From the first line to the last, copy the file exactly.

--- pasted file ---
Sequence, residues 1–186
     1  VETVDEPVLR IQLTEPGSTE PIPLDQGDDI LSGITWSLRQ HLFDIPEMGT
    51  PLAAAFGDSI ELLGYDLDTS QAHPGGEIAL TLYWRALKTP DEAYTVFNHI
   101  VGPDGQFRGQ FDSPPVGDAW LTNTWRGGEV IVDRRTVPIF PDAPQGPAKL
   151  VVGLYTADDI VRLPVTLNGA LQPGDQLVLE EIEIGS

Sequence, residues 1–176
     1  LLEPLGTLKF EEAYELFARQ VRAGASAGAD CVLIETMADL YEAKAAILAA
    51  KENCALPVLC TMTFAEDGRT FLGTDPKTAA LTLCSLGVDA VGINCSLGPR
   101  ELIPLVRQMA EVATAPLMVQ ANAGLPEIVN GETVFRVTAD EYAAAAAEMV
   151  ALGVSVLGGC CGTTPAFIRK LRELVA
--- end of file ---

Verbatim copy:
Sequence, residues 1–186
     1  VETVDEPVLR IQLTEPGSTE PIPLDQGDDI LSGITWSLRQ HLFDIPEMGT
    51  PLAAAFGDSI ELLGYDLDTS QAHPGGEIAL TLYWRALKTP DEAYTVFNHI
   101  VGPDGQFRGQ FDSPPVGDAW LTNTWRGGEV IVDRRTVPIF PDAPQGPAKL
   151  VVGLYTADDI VRLPVTLNGA LQPGDQLVLE EIEIGS

Sequence, residues 1–176
     1  LLEPLGTLKF EEAYELFARQ VRAGASAGAD CVLIETMADL YEAKAAILAA
    51  KENCALPVLC TMTFAEDGRT FLGTDPKTAA LTLCSLGVDA VGINCSLGPR
   101  ELIPLVRQMA EVATAPLMVQ ANAGLPEIVN GETVFRVTAD EYAAAAAEMV
   151  ALGVSVLGGC CGTTPAFIRK LRELVA